Lindsey Report March

The 2015 year got off to a rocky start with equities pulling back in January (as measured by the S&P 500).  Fortunately, things turned around in February and all the major equity averages posted solid gains, recouping January’s losses and making additional gains (as measured by S&P 500 Dow and Nasdaq).

On the other hand, interest rates and bond yields are likely to remain low for the coming months, as the Federal Reserve continues to keep their Federal Funds rate at historic lows.  In other words, the returns from the fixed income portion of a portfolio are likely to remain muted.  Don’t expect CD’s, bank accounts or bonds to generate much return any time soon.

As it is “tax season”, many clients have had questions, regarding IRA distributions, gifting and other IRS limits.  The following will highlight the most popular questions (source was  The Required Minimum Distribution (RMD) can be a real concern for people turning 70 and every year thereafter.  The IRS says that the RMD is the “minimum amount you must withdraw from your IRA or retirement plan account each year”.  Generally, you must begin taking withdrawals in the year in which you turn 70 ½.  In my experience, many people are relieved to learn that the percentage (%) they must withdraw is less than they were expecting.  For example, at age 70, the RMD is only 3.65%.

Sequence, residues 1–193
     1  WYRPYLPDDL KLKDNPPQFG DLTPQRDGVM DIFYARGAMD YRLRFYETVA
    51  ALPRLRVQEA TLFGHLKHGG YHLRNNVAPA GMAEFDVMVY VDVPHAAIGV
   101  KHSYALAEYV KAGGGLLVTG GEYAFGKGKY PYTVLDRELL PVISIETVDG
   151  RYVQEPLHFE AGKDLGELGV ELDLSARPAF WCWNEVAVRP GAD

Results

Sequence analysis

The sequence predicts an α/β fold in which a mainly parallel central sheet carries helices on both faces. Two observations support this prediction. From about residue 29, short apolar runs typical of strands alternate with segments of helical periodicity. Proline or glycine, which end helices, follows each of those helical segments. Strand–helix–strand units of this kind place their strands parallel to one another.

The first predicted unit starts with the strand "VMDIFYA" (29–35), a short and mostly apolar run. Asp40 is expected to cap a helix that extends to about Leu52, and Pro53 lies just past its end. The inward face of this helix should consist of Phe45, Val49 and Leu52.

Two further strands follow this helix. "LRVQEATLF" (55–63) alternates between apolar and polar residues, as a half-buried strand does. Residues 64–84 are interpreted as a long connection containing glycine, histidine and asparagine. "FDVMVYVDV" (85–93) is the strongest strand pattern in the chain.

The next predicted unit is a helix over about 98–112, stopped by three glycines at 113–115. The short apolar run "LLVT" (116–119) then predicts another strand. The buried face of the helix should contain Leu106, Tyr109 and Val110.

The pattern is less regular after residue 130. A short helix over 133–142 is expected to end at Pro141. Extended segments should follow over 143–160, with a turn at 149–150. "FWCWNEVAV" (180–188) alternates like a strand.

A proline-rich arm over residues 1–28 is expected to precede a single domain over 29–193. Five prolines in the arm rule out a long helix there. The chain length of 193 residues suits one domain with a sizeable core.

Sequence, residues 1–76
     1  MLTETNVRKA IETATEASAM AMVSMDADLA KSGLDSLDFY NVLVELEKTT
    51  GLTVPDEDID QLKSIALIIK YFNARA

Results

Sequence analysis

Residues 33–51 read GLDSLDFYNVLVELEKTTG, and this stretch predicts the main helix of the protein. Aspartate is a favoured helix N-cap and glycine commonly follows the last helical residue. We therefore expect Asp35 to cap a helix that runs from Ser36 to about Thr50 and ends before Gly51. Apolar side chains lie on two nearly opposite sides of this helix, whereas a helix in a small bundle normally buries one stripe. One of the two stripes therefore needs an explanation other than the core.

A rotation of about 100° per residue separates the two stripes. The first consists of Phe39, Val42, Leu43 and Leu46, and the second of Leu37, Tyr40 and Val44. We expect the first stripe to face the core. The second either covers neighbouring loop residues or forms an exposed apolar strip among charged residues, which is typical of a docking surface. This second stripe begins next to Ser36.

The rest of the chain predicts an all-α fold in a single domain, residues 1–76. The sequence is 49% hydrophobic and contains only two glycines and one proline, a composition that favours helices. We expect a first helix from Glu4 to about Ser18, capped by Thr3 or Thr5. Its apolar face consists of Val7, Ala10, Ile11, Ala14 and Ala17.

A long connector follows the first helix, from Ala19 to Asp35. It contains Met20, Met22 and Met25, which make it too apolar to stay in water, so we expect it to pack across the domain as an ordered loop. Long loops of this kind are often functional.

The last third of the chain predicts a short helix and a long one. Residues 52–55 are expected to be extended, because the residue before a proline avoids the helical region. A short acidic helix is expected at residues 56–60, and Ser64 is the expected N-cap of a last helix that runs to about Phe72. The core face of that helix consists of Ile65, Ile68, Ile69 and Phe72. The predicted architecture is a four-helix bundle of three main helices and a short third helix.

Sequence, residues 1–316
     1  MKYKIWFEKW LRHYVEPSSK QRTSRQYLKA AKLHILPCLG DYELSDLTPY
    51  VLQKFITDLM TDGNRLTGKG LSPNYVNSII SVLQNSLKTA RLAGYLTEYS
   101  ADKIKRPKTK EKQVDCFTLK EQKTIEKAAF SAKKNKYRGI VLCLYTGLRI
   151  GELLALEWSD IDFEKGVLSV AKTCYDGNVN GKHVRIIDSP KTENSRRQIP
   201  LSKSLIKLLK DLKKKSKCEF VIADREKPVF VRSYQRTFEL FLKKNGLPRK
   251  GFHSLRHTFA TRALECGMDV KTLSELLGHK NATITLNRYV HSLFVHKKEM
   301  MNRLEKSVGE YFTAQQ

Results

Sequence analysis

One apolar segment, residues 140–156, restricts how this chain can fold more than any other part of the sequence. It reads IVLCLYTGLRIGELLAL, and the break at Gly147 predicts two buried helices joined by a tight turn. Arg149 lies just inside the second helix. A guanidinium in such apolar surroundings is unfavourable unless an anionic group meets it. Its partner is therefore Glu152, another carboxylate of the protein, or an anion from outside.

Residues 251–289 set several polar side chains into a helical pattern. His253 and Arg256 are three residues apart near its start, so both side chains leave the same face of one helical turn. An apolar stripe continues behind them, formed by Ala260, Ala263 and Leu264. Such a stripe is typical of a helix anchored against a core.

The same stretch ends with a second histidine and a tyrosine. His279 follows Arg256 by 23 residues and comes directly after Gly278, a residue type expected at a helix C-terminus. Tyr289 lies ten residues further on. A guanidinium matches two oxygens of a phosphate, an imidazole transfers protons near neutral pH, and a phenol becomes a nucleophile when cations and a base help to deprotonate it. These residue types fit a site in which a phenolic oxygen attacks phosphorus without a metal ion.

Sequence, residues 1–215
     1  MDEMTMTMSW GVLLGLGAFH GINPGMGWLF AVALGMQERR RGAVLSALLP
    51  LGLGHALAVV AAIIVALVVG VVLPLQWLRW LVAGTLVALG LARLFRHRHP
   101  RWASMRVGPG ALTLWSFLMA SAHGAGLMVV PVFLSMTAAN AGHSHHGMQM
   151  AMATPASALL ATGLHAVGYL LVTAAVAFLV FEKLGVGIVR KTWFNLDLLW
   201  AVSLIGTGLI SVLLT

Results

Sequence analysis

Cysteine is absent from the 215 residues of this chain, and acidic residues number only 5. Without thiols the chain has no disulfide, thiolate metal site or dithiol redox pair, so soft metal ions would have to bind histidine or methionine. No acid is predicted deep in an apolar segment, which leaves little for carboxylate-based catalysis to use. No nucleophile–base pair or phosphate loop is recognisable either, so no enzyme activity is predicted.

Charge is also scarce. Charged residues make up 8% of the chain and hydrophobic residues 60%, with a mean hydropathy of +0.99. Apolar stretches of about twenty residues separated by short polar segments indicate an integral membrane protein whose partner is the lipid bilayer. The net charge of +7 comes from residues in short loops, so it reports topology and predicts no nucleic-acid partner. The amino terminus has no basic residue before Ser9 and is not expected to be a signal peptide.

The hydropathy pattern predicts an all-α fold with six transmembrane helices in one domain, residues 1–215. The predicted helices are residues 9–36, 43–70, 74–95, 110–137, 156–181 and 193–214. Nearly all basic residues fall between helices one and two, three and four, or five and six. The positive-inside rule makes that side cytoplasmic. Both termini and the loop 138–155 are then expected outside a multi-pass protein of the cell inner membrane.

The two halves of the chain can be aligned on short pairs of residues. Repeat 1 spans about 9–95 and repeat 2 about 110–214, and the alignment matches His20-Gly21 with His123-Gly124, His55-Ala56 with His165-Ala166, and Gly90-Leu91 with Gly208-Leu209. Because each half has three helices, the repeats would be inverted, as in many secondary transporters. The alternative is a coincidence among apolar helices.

Many retirees are interested in gifting “some” assets while they are still living, but they are concerned about Gift Taxes.  The most asked question is, “how much can I/we give”?  For 2015, the gift tax exclusion is $14,000 per donor to each “donee”.  For example, each parent can give each child $14,000, so a couple can gift $28,000 in a calendar year.  If you plan to exceed this amount, talk to your CPA.

Many working individuals continue to make pre-tax contributions to their company savings plans, using a 401(k), 403(b) or 457.  As this limit has increased over the years, a retiree who contributed to their plan back in the 70’s, 80’s and 90’s might be shocked to know that the contribution limit for 2015 is $18,000.  Plus, if you are age 50 or older, you can contribute an additional $6,000, using the catch-up provision.

In many cases people continue to save, using a traditional or Roth IRA (Individual Retirement Account).  In 2015 the limit is $5500 ($6500 for those 50 and older).  The most noteworthy difference between the two IRA’s is the tax treatment of the contributions and the withdrawals.

If you have any questions or concerns, please give me a call or send me an email.  Otherwise, I am looking forward to some warmer weather headed towards MI.  The 40’s sound like the 80’s to me!


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